New Moon News

Bike-caching on the Hayward Hospital Trails

Summer is finally here! Kids are out of school and probably already looking for something “not boring” to do. Parents are wondering what will keep their kids occupied and off the couch for at least part of summer vacation. Why not combine a trail ride with geocaching for a fun, engaging outdoor adventure?

A map of the Hayward Hospital Trails marked at the Olson Rd trailhead.

Here in Hayward, one of the most popular outdoorsy spots is the trail complex on the Hayward Hospital Property. If you and your kids like to ride in the woods here in Hayward, you’ve probably been to the hospital trails. Besides exceptional beginner-friendly single- and wider double-track trails, the hospital property also contains around 15 geocaches. 

Basically, geocaching is a treasure hunt that you do with the help of a smartphone or a GPS unit. Geocaches can vary in size from the size of a quarter to a large bin. Often there is a logbook inside with info from other geocachers, and sometimes, there are little prizes like pins or stickers.

Geocaching is a very popular pastime with a ton of variations including mystery caches that involve solving a puzzle to determine the correct coordinates, earth caches that you can visit and learn about geological features, or even multi-caches that involve two or more locations. We are going to start with the beginner version.

Before you go out, click on this link to get a step-by-step overview of how to geocache.

My son, Egan, has been geocaching for a while, and has found caches all over the midwest. I asked him to ride with me on the hospital trails searching for geocaches along the way to see if the biking/geocaching combo would be a winner.

Olson Trailhead on the Hayward Hospital Trails.

We decided to start at the Olson Road trailhead—shown on the above map in the green circle. I got a snazzy phone holder for my bike just for this specific purpose (well, actually and blasting 80s dance music-yes, GenX rules), and I set up my phone and opened up the app that Egan downloaded for me (yes, GenX-also not the best with technology).

Using an Iphone to navigate and find geocaches.

When we opened the app, it showed all the nearby geocaches, and we decided which one to look for first. The closest one was one of a series and located very close to the trailhead. We checked out the coordinates, description of the cache, the hint, and then we clicked on navigate, left our bikes, and headed into the woods.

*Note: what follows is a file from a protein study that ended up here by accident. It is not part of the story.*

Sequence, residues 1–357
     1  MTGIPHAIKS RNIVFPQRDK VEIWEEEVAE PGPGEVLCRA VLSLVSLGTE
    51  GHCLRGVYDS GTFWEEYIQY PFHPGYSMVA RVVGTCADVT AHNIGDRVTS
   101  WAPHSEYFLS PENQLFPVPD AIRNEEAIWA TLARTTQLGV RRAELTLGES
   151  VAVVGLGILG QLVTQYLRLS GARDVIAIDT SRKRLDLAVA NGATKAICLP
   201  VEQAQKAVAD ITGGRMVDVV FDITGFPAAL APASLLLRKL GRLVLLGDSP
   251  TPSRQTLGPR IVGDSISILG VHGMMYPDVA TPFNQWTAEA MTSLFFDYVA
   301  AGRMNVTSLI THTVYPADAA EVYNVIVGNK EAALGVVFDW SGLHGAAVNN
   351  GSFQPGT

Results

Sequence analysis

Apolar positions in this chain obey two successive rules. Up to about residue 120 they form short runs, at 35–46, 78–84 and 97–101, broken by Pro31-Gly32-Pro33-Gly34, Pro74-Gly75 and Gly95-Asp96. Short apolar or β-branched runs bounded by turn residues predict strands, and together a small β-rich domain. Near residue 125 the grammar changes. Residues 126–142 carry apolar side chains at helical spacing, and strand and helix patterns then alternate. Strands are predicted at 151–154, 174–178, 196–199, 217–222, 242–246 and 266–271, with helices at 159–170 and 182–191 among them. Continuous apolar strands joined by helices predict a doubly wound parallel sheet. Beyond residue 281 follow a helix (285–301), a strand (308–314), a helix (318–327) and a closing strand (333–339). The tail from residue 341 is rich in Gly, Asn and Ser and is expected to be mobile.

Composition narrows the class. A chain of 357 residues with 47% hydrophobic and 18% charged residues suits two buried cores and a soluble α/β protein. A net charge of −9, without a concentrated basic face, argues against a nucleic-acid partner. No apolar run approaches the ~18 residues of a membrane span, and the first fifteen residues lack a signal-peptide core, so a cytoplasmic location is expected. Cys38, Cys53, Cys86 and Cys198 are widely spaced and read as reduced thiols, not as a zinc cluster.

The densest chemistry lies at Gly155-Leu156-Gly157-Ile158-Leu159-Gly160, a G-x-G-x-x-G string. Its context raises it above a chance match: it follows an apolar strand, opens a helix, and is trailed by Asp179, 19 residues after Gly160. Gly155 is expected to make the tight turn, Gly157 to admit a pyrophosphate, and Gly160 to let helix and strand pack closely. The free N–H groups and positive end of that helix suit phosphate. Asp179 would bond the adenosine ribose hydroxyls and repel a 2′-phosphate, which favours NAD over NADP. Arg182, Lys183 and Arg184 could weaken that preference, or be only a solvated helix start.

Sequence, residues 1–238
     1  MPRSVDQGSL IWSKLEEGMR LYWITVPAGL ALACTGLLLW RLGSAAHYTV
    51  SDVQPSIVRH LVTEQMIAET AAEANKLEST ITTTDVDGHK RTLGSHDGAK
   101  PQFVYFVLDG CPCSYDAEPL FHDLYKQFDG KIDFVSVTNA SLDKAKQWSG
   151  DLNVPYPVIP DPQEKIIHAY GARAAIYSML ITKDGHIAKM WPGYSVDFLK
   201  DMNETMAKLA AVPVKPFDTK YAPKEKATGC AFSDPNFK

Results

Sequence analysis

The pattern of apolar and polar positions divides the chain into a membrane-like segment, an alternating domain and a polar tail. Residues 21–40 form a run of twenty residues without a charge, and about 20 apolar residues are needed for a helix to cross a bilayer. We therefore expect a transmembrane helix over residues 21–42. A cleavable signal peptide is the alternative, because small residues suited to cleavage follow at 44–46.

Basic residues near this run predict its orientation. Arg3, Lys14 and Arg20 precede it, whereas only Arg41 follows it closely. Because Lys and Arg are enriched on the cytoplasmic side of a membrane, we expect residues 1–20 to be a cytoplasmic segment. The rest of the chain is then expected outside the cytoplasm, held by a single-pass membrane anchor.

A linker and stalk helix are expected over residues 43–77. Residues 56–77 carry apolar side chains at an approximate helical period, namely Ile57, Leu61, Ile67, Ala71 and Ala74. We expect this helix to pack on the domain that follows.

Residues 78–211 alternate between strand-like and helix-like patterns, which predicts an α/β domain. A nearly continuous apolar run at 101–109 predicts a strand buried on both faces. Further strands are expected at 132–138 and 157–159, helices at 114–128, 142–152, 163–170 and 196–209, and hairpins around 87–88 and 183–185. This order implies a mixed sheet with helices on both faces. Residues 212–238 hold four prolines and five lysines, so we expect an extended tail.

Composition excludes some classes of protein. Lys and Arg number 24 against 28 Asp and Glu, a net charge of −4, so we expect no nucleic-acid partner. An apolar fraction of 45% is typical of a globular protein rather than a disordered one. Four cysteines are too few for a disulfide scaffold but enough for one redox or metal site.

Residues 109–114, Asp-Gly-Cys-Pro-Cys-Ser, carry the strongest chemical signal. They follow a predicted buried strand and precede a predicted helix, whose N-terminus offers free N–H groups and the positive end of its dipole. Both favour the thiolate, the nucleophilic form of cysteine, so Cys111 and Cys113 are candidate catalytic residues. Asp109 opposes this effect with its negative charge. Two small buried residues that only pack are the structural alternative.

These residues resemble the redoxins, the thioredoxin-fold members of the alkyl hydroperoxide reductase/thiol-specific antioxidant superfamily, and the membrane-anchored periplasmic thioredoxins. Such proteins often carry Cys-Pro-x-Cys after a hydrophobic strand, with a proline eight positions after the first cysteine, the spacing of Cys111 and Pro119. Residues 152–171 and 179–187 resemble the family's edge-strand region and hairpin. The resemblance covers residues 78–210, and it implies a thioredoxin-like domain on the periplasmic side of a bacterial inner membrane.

Stepping off the trails to find a geocache.

The app is super user friendly with a real-life overview of the area, which direction to walk, and how close to each cache you are. E actually already knew this one, so he was guiding me a bit. How far away you are is not exact, and you do have to dodge a lot of obstacles, so it takes just a bit of patience, especially when you start out.

With some persistence, though, we found it! The first one had a log and not much else, it was pretty small. I was feeling confident, so we continued to the next cache, got as close as we could by bike, then headed off-trail. Each cache was a bit different and hidden in a different way, so I definitely didn’t get bored, just excited to tackle the next one.

In between caches, we got to ride some easy, fun trails and were escorted by a newly-hatched dragonfly swarm. There were some great views and fun animals to see. The day was absolutely perfect.

We made it over to the lake and took a break, then headed back to the car, stopping once to look again for the only cache we couldn’t find. No luck there, but we still had an amazing afternoon.

The lake at the Hayward Hospital.

Egan agrees, geocaching on bikes at the hospital is the perfect activity for a family to do together (I mean, Egan is 14 and we had a blast!). There are multiple things going on, so there is no time to get bored! Short ride times so no one gets tired; kids are learning about navigation; they get to use a device that supplies tons of info, like hints and maps; they are learning how to be observant and active in nature, jumping over and around obstacles and learning about plants, animals, and rocks; and, who doesn’t love a treasure hunt, right? You can do as few or as many caches as you like, and, if someone isn’t having the best time ever, it is easy to bail out and try out some fun single track or even to take the bike path over to the library for some quiet time.

If you aren’t in Hayward and you want to try this out where you live, just get the app on your phone, figure out where you want to ride, and check out all the caches on your route. You will be amazed how many treasures may be hiding right nearby. I hope this gives you some ideas about a family outing in your future. Have a great summer!